Enterprise mobility and enabling enterprise users to work productively and securely on smartphones and tablet devices is going to be the key battleground for competitiveness in the enterprise space over the next five years.

BYOD and Consumerisation of IT applications hits CIOs with a double-whammy in 2012.

The first quarter of 2012 will go down in history as being one of the most significant periods of change in corporate IT ever; hitting CIOs with the the massive uptake in private use of smart phones and tablet devices and an unstoppable trend for staff to expect to be able to bring their private mobile and tablet devices in to the workplace and to expect that they work with corporate systems.

While some CIOs have already put strategies and policies in place to address enterprise mobility issues, many have not and risk being overtaken by a flood of new platforms, formats and applications that may compromise enterprise and information security if not addressed as a priority.

Key enterprise IT trends of 2012:

BYOD (Bring your own device)
Business users bringing their own devices in to the workplace and expecting them to be able to connect to corporate email, and increasingly, corporate systems like Microsoft SharePoint, reporting dashboards, CRM systems and other enterprise applications.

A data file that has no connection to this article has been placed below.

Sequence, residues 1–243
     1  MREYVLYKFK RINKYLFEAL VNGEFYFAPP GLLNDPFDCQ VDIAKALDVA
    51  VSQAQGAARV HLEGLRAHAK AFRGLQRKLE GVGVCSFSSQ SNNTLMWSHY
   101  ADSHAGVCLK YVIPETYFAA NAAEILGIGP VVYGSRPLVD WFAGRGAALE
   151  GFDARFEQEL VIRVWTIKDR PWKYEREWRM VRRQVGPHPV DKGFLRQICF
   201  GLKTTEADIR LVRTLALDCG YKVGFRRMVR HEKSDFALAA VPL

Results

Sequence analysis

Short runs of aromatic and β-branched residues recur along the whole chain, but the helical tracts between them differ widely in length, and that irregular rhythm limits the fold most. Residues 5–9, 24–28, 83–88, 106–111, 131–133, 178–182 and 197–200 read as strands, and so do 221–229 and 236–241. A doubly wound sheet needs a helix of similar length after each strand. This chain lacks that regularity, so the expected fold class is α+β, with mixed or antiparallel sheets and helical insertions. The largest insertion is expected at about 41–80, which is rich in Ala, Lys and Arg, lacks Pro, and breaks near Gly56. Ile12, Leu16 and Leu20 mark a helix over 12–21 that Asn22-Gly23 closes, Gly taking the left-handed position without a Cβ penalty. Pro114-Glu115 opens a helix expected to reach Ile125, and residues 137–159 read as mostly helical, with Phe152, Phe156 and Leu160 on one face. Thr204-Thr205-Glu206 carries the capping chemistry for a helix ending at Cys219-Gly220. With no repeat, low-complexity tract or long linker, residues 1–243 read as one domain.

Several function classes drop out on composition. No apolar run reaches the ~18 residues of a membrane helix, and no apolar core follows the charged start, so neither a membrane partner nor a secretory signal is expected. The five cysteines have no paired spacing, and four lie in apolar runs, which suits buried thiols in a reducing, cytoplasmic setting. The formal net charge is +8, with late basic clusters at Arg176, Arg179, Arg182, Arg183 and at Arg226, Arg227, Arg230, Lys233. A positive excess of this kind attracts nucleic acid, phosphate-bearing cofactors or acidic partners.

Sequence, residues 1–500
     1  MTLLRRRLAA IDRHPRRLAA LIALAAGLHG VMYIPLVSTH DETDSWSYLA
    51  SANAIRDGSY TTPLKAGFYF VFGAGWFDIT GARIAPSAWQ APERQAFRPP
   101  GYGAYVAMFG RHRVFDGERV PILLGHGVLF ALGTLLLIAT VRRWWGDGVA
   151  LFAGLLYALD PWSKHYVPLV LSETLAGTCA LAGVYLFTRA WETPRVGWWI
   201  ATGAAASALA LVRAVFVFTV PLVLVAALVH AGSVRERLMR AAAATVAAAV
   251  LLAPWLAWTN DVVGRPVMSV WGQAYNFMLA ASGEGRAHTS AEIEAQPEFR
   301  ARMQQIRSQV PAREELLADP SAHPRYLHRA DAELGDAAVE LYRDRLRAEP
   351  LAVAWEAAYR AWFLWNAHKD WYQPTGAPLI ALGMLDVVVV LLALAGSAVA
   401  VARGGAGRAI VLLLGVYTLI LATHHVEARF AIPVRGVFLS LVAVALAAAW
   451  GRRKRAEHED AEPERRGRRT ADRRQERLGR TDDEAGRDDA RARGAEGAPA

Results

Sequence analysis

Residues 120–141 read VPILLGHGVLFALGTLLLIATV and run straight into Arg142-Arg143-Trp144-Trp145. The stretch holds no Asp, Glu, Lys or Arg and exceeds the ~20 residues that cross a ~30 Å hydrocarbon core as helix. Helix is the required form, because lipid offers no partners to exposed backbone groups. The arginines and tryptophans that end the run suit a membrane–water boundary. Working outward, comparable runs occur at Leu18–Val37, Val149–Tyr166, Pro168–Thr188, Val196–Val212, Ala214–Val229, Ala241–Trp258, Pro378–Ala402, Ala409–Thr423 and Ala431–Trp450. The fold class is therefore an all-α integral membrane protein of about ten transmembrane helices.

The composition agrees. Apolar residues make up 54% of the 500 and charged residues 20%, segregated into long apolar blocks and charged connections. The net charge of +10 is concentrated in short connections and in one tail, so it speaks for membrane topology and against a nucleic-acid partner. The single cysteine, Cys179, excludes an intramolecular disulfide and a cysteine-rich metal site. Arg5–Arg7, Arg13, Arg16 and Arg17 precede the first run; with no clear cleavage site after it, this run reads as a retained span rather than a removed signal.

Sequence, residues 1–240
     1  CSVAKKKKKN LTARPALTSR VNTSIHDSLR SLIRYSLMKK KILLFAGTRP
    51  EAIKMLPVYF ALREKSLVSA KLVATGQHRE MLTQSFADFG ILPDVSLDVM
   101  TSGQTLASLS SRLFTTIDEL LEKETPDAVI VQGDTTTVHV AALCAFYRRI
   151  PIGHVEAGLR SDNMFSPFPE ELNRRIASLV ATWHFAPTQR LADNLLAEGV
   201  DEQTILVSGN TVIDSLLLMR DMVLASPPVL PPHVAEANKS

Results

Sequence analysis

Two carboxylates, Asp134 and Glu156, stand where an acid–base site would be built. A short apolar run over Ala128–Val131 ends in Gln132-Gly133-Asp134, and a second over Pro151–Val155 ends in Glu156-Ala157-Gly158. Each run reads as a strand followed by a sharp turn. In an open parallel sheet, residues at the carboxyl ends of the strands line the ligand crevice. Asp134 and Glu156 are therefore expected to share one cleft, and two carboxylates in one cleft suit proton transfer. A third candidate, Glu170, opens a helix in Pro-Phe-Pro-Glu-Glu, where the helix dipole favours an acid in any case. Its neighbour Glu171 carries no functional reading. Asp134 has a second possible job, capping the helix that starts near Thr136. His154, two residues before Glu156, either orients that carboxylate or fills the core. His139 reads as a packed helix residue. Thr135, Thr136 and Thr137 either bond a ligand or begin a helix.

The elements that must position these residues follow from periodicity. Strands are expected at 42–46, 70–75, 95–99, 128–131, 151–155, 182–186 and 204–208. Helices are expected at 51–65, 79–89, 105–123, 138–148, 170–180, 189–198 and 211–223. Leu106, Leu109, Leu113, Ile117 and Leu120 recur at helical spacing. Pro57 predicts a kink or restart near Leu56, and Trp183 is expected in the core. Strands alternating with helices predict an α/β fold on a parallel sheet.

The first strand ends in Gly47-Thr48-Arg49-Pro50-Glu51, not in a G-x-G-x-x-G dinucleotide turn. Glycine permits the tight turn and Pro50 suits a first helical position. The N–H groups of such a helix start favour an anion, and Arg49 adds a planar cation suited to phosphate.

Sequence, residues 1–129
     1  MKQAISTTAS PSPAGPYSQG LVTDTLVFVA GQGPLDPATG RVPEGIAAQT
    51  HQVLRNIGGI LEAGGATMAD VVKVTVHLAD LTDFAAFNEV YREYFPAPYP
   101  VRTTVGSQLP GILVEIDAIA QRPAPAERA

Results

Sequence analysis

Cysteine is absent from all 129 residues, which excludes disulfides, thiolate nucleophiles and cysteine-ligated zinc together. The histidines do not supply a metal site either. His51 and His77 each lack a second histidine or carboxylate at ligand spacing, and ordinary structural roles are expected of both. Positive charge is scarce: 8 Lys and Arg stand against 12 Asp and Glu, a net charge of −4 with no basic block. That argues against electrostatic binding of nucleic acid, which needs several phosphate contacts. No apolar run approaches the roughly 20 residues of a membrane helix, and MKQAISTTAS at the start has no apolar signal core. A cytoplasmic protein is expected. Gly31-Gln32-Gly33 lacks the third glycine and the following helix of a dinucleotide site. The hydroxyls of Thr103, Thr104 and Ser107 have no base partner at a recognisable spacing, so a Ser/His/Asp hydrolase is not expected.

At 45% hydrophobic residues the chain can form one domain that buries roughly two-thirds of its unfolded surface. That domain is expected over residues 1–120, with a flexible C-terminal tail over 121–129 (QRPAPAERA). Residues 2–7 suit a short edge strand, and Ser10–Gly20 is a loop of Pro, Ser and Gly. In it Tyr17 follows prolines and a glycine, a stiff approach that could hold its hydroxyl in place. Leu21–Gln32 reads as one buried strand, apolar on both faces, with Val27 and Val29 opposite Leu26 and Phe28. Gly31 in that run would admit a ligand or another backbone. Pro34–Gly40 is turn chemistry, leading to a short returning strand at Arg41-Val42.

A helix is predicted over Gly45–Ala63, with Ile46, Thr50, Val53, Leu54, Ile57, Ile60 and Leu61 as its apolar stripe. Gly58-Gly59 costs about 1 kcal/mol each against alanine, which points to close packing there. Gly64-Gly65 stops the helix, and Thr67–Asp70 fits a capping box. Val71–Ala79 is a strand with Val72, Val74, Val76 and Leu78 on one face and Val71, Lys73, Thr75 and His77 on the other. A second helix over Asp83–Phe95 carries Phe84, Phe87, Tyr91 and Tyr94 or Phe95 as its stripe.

Consumerisation of IT and applications
App store applications that are purchased for private use are beginning to have a changing effect on the way that business users expect enterprise applications to look and behave in a mobile world.  Standard enterprise applications either do not have mobile UIs, or have uninspiring mobile experiences that do little to engage business users.

Mobile working
The introduction of smart phones and tablet devices in to the workplace is set to lead to an explosion, according to industry analysts, like VDC Research, in mobile working and staff expecting to be able to access corporate systems as if they are in the office on any mobile device.  The key challenge for IT is going to be how to achieve this without compromising corporate security policies.

Travelling business executives and field-based staff increasingly want to be able to access corporate data and content securely on mobile devices and not have to wait to action items when they get back to the office or connect to the internet via a laptop.  CIOs and IT teams have an opportunity to embrace this new way of working and to put new policies and control mechanisms in place that ensure that mobile workers can work productively when they are away from the office and in a way that minimises the risk of security breeches if the device is misplaced or stolen.

Azurati will be launching a new solution in April called SharePoint2Go that will allow mobile workers to access Microsoft SharePoint on any mobile or tablet device with full enterprise-class security features built in so that data and information security is not compromised.  If you are interested in joining our beta programme or becoming a launch reference customer, please contact us at